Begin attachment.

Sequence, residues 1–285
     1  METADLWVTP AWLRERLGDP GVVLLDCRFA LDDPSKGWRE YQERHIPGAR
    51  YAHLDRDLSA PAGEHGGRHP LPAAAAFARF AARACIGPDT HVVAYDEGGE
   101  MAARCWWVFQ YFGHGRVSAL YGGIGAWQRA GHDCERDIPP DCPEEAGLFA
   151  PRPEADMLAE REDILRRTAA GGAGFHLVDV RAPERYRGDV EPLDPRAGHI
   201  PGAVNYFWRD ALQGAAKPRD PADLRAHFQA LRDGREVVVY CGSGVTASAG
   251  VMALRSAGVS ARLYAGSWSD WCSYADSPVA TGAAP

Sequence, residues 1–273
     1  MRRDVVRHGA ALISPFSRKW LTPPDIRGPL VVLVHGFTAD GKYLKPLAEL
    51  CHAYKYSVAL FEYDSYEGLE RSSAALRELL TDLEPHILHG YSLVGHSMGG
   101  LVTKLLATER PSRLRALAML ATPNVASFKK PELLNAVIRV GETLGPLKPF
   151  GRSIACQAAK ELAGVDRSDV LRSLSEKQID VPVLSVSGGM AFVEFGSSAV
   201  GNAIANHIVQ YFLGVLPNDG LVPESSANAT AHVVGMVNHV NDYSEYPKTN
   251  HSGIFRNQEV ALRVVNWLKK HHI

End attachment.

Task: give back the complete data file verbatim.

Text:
Sequence, residues 1–285
     1  METADLWVTP AWLRERLGDP GVVLLDCRFA LDDPSKGWRE YQERHIPGAR
    51  YAHLDRDLSA PAGEHGGRHP LPAAAAFARF AARACIGPDT HVVAYDEGGE
   101  MAARCWWVFQ YFGHGRVSAL YGGIGAWQRA GHDCERDIPP DCPEEAGLFA
   151  PRPEADMLAE REDILRRTAA GGAGFHLVDV RAPERYRGDV EPLDPRAGHI
   201  PGAVNYFWRD ALQGAAKPRD PADLRAHFQA LRDGREVVVY CGSGVTASAG
   251  VMALRSAGVS ARLYAGSWSD WCSYADSPVA TGAAP

Sequence, residues 1–273
     1  MRRDVVRHGA ALISPFSRKW LTPPDIRGPL VVLVHGFTAD GKYLKPLAEL
    51  CHAYKYSVAL FEYDSYEGLE RSSAALRELL TDLEPHILHG YSLVGHSMGG
   101  LVTKLLATER PSRLRALAML ATPNVASFKK PELLNAVIRV GETLGPLKPF
   151  GRSIACQAAK ELAGVDRSDV LRSLSEKQID VPVLSVSGGM AFVEFGSSAV
   201  GNAIANHIVQ YFLGVLPNDG LVPESSANAT AHVVGMVNHV NDYSEYPKTN
   251  HSGIFRNQEV ALRVVNWLKK HHI